Back-to-back earthquakes rocked buildings and shattered roads in Anchorage, sending people running into the streets and briefly triggering a warning to residents in Kodiak to flee to higher ground for fear of a tsunami.
The US Geological Survey said the first and more powerful quake was centred about 12 kilometres north of Anchorage, which has a population of about 300,000.
The Trans Alaska Pipeline, one of the longest crude oil pipelines in the world, was shut down as a precautionary measure so crews could inspect the system, but returned to service after no damage was found.. There were then multiple aftershocks in the region, with one as high as 5.1-magnitude.
The quake was so large it felt up to 400 miles outside of Anchorage and damage reports were starting to come into the Alaska Earthquake Information Center.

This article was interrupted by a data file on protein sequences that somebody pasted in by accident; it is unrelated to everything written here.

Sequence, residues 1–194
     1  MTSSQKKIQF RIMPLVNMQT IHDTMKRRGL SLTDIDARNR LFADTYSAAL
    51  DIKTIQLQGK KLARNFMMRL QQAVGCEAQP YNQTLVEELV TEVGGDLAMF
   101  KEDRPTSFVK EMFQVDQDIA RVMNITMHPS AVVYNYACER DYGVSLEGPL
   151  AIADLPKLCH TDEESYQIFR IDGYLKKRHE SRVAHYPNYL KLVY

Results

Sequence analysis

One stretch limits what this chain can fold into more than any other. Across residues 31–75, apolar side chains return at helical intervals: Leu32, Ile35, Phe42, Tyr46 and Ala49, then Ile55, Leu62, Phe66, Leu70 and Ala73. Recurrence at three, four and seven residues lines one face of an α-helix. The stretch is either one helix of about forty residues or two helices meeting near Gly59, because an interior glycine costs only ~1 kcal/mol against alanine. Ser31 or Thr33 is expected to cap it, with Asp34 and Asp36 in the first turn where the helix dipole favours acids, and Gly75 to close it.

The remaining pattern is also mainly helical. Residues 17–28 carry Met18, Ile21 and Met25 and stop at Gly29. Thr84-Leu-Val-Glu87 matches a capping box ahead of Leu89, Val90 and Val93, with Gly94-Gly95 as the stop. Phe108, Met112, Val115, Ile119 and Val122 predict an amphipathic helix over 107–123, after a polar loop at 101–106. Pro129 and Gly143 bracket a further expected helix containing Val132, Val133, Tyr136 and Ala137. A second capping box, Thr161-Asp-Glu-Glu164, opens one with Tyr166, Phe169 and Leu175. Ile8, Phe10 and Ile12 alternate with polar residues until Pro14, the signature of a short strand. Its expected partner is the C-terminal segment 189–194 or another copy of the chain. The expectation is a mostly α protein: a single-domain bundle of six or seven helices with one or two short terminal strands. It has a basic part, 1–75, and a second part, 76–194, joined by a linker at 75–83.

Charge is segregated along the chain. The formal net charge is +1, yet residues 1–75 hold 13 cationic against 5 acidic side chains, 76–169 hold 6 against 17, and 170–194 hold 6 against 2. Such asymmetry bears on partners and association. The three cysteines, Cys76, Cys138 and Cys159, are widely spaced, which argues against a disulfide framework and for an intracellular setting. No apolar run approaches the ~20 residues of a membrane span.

"Many homes and buildings are damaged", the police department said in a statement.
"The most striking thing about this event was that it was so close to Anchorage", Hayes said.
At around 8:30 a.m. on Friday morning, Alaskans felt a large quake that shook South Central. "But we know that a tragedy of this magnitude is going to require outside resources", she said.
On March 27, 1964, Alaska was hit by a 9.2 quake, the strongest recorded in USA history, centred about 75 miles (120 kilometres) east of Anchorage. He said lights on the control board were blinking and things were falling from the ceiling.
And President Donald Trump late Friday declared an emergency, which allowed the Federal Emergency Management Agency to coordinate disaster relief efforts.
Concerns about possible structural damage led the Anchorage school district to cancel classes next week.
A stream of photographs and videos have since been shared on social media, showing the devastation that is being wrought after the quake hit the area, with people being evacuated.
Alaska's 1964 quake, with a 9.2 magnitude, was centred about 75 miles (120 kilometres) east of Anchorage. He said he wondered if Friday's quake "could be the one".
The reason Alaska sees so many earthquakes is because the 49th state sits over a major fault line between the Pacific and North American tectonic plates.
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